• Turn back on the TV (also, I now fully hate My Little Pony) so I can try and get these documents all done and uploaded.
  • At 3:18pm I finally did. Turned TV off, turned my computer off.
  • Spend 30 minutes together doing the Mo Willems Lunchtime Doodles
  • Spend 15 minutes making duplicate doodles from the last two days.
  • Spent 20 minutes watching her make obstacle courses in the living room and hallway I had just cleaned up.
  • Got her in the bathtub.
  • Made dinner. You guessed it. Hubs has duty tonight so, Mac and Cheese it is. But, not her favorite kind, the only kind I could find in the store when I went last week, so she was angry with me the entire time.
  • Played three games of Uno.
  • PJs on.
  • Brushed teeth.
  • Read three books of her choosing.
  • Put kiddo to bed.
  • Pour myself a glass of wine.

We are going to get through this, but some days are just going to be messier than others.

Notice I don’t have times on anything. Like, none of this from 8:30 – 8:45, then 8:45 – 9:03, 9:04 and 30 seconds to 9:52 stuff. Friends, some days we just do what we can. Yes, schedules are great and important. They can and do really help. And I encourage them. In fact, I made one myself tonight that I plan to try and use tomorrow. And you can see below for links to ideas for creating kid-friendly ones with your kiddos.  Most kids do actually thrive with a structure and a schedule, this is not new news. But when you have days like I did today, neck-deep in “meet that big deadline” mode, I had to just acknowledge that wasn’t happening and let it go. You know, sometimes you gotta just roll with it.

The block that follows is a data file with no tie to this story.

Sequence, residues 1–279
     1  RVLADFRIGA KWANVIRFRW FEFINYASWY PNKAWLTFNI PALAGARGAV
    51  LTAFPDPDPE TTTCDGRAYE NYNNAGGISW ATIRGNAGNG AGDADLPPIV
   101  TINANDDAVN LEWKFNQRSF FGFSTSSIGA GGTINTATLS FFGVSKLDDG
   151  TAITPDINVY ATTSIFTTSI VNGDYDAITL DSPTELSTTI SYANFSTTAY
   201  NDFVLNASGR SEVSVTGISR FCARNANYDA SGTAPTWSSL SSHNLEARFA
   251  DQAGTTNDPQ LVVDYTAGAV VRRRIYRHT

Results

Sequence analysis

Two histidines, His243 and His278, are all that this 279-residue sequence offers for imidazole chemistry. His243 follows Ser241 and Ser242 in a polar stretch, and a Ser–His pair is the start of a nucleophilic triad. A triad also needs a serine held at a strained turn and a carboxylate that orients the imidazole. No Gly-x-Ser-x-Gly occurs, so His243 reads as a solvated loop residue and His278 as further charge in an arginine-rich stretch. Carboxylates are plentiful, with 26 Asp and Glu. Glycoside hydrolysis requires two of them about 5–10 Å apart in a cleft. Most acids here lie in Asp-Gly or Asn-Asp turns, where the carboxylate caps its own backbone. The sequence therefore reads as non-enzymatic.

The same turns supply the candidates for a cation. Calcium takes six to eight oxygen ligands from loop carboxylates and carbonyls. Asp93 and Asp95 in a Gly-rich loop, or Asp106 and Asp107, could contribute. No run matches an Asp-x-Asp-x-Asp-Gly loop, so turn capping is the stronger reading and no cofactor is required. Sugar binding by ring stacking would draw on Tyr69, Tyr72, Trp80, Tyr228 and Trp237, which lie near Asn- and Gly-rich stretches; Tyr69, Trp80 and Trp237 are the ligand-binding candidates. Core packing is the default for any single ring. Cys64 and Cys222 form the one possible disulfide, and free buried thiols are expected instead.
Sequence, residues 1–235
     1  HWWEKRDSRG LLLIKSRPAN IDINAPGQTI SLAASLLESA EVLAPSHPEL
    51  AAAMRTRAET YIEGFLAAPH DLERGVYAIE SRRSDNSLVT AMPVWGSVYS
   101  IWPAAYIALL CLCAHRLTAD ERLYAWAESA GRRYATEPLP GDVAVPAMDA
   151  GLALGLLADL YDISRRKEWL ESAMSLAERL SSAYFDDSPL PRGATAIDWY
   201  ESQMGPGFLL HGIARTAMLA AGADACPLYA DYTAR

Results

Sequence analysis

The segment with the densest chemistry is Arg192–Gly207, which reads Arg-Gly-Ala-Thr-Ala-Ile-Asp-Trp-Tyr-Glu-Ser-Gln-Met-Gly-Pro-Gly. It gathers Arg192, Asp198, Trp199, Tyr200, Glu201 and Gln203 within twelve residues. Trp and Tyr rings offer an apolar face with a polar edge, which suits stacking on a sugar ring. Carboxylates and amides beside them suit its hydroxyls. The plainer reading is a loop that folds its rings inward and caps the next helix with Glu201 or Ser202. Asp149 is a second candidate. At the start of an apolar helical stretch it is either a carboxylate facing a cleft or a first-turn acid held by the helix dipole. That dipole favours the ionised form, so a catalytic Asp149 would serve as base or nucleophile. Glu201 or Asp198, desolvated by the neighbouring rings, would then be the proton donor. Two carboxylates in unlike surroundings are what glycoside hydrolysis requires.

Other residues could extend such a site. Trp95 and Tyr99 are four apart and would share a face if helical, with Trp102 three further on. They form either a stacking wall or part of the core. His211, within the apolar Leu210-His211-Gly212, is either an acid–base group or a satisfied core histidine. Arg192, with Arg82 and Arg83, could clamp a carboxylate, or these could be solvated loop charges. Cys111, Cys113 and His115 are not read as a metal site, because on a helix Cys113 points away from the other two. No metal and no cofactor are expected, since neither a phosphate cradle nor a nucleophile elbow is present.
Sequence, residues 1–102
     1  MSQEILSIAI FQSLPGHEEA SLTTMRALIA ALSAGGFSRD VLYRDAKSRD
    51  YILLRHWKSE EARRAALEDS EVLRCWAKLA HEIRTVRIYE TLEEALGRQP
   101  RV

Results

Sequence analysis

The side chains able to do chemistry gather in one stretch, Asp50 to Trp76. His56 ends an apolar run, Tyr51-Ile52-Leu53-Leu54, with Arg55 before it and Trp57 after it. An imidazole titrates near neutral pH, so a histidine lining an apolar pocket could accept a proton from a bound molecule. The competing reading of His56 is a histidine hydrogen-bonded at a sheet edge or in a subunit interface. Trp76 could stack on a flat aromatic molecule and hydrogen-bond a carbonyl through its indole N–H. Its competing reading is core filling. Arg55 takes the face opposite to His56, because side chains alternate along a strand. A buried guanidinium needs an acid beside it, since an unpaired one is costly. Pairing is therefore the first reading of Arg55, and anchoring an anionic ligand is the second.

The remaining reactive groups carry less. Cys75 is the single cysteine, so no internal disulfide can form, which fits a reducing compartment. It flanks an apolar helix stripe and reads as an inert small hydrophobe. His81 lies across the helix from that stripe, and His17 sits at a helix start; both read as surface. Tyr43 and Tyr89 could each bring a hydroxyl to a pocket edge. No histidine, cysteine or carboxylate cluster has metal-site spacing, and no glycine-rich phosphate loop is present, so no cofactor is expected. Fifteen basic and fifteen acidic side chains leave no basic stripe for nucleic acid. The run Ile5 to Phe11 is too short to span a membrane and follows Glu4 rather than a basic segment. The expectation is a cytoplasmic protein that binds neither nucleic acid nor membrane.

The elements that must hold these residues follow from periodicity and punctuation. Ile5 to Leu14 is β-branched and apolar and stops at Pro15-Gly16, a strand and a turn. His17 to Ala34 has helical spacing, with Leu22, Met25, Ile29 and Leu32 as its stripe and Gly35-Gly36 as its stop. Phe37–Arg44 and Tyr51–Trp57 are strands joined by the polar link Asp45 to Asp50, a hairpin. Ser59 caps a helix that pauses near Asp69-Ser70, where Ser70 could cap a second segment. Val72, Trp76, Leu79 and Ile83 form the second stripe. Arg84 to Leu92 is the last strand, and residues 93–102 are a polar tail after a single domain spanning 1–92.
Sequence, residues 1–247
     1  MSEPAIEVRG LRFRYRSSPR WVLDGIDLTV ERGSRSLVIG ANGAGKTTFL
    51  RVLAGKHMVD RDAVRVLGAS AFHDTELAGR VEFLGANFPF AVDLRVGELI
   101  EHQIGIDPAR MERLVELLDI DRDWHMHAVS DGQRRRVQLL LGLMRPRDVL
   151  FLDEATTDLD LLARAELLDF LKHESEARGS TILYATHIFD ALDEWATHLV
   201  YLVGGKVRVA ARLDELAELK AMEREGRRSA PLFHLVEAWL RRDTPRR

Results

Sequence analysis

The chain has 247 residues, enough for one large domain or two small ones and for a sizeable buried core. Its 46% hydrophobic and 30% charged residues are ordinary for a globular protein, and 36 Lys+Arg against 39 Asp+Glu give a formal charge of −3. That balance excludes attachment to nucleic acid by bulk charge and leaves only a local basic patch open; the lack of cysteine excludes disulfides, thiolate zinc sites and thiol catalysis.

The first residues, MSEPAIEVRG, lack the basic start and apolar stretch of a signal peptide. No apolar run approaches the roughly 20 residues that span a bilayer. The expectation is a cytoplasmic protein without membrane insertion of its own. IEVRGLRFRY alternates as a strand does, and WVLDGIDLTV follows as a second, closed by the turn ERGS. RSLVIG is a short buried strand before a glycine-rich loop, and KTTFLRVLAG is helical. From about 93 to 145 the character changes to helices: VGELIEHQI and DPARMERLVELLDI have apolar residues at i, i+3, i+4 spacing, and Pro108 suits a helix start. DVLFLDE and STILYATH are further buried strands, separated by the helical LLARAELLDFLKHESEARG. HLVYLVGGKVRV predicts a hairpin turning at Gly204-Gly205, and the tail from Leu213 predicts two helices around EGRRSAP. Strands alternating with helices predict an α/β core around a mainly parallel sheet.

Also notice, I am a teacher. I have a crap-ton of experience. Teaching high school. And Middle school. And Special Education. And College. And I am still STRUGGLING on days like today. I’m a trained educator and an educator of educators and yes, there are days like today where I am going to struggle with this “new normal”.  Here’s what I have to say to that: whatever your background, give yourself a break!!  It’s OK. We all will struggle some days during these next several weeks. Reach out for ideas and help (see below for a list of suggestions with links). Reach out for suggestions (great FB group called Learning in the Time of Corona is curating a bunch of ideas). Reach out for your own sanity. But for the love of all that is good, please do NOT put too much pressure on yourself!